Up high in the stratosphere is world quite different from our own. A special particle, not welcomed in our world because it is a major constituent of photochemical smog, lives up there. This special particle is the O3. By the billions, O3 particles form a shield around the Earth called the ozone. The ozone layer reflects most of the ultraviolet radiation from the sun back into space. If all the ultraviolet radiation reaches the Earth, then the ultraviolet radiation from the sun will cause skin cancer and damage vegetation. Although the ozone can save us from ultraviolet radiation, it is very fragile and needs our care. We humans have been continuously destroying it.
Ozone occurs naturally in the atmosphere. O3 particles can appears at any height in the atmosphere, but the greatest concentration is in the stratosphere. It is created when ultraviolet radiation (sunlight) strikes the stratosphere, dissociating oxygen molecules (O2) to atomic oxygen (O). The atomic oxygen quickly combines with further oxygen molecules to form ozone:.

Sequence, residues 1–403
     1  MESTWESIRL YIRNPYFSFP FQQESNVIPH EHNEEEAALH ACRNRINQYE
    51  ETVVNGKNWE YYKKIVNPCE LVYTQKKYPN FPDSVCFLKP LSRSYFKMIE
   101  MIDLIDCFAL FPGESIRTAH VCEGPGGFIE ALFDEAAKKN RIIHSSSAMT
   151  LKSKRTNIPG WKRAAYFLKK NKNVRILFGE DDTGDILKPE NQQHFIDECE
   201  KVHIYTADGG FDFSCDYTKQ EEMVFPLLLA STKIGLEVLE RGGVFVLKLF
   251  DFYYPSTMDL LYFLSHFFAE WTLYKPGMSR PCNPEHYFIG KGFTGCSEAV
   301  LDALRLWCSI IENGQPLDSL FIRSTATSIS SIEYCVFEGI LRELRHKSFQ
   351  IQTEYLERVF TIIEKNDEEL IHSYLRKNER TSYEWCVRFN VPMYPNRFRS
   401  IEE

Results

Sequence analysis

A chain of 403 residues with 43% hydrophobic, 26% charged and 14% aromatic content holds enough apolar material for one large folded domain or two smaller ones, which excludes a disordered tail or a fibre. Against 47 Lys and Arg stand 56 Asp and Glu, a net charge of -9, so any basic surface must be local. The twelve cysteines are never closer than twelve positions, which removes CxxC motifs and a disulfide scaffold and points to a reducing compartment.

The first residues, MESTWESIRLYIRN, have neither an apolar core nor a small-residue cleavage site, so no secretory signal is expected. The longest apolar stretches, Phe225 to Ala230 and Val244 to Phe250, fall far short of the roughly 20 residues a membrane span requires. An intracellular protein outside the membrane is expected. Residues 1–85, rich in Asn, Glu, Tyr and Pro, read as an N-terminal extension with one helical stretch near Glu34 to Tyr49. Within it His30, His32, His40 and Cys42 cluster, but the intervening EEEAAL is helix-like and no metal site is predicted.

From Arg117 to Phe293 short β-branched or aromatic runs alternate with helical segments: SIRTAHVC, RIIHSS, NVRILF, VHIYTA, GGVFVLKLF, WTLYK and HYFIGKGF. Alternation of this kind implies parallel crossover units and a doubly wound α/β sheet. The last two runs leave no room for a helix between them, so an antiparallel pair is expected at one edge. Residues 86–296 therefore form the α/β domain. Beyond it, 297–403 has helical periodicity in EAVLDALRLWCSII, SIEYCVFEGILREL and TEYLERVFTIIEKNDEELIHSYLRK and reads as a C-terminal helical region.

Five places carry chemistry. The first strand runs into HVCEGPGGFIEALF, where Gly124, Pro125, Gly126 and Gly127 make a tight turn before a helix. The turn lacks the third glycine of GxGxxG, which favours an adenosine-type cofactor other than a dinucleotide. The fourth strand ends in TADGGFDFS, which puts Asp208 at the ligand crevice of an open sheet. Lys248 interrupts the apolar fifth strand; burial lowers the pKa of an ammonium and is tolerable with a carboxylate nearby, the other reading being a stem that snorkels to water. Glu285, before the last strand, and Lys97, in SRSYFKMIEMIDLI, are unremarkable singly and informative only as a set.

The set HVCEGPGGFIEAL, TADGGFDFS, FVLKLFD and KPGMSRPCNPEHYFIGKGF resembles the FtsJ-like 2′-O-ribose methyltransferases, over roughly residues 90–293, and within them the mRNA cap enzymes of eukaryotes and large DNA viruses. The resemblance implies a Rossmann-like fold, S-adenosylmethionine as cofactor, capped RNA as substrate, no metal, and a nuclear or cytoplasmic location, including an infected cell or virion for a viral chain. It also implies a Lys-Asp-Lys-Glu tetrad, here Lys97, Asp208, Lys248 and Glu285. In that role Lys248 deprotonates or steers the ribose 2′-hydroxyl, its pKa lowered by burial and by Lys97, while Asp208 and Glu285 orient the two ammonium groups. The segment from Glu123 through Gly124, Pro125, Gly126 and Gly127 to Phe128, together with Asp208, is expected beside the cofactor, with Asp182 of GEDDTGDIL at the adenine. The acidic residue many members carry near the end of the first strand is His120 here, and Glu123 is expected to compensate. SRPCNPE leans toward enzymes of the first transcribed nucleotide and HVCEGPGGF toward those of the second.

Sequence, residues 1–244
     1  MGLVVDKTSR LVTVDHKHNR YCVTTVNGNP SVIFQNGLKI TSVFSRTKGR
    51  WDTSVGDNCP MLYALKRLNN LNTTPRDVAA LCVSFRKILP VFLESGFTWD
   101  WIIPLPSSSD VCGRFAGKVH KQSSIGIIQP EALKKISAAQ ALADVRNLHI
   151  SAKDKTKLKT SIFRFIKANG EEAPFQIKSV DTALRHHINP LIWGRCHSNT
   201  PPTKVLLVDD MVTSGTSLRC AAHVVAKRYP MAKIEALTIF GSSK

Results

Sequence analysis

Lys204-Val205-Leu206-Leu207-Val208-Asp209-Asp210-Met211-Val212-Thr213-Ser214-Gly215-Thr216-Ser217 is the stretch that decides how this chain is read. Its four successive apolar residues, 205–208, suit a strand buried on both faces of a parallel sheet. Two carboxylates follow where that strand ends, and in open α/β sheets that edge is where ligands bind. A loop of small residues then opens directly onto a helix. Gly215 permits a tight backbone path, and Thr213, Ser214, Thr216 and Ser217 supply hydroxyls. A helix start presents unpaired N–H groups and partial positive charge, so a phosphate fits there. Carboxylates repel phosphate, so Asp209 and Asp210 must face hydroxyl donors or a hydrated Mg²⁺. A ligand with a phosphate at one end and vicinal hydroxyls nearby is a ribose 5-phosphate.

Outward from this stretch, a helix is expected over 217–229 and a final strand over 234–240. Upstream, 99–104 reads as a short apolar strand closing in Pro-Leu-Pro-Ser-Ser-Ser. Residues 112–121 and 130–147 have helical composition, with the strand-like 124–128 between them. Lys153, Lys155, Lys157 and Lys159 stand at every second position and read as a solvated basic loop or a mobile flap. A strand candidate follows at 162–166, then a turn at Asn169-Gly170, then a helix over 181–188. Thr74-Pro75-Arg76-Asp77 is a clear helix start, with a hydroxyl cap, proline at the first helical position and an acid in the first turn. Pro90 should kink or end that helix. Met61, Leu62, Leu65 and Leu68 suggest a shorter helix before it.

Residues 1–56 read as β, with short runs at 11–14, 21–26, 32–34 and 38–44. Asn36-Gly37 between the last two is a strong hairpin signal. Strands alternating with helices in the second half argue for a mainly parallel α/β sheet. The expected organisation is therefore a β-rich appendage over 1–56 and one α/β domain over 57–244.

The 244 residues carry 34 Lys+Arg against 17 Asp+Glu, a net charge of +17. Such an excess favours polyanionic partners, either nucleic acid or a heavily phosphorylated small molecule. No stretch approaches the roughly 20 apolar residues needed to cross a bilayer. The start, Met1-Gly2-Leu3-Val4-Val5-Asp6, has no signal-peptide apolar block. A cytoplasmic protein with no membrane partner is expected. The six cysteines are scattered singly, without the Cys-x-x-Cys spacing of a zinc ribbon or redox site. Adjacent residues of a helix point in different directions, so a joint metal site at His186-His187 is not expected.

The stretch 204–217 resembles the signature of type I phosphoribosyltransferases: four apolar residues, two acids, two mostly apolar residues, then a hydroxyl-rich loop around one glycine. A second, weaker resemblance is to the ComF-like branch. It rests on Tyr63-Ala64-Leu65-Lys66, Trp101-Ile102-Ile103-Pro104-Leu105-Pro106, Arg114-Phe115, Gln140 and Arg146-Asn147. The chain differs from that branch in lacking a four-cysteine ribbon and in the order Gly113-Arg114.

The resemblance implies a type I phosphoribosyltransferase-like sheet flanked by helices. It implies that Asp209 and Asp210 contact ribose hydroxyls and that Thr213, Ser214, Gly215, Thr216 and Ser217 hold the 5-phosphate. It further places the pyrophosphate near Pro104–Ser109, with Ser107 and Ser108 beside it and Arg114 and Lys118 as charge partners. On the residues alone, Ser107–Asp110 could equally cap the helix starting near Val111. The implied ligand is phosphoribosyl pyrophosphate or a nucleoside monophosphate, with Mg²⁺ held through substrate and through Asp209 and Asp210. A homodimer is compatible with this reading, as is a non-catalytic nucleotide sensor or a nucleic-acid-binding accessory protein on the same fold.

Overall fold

O2 + hv _ O + O.
O + O2 _ O3.
The ozone layer is the densest near the poles and thinnest near the tropics. The amount of ozone above a point on the earth's surface is measured in Dobson unit (DU). Usually, there is about 260 DU near the tropics and higher elsewhere, though there are large seasonal fluctuations. Although the UV radiation splits the ozone molecule, ozone can reform through the following reactions resulting in no net loss of ozone: .
O3 + hv _Æ'nO2 + O v/s 1 .
O + O2 _Æ'nO3 v/s 2 .
These reactions are known as Chapman's reactions. Reaction 2 becomes slower with increasing altitude while reaction 1 becomes faster. The concentration of ozone is a balance between these competing reactions. In the upper atmosphere, atomic oxygen dominates where ultraviolet levels are high. Moving down through the stratosphere, the air becomes denser, ultraviolet radiation absorption increases and ozone levels increase.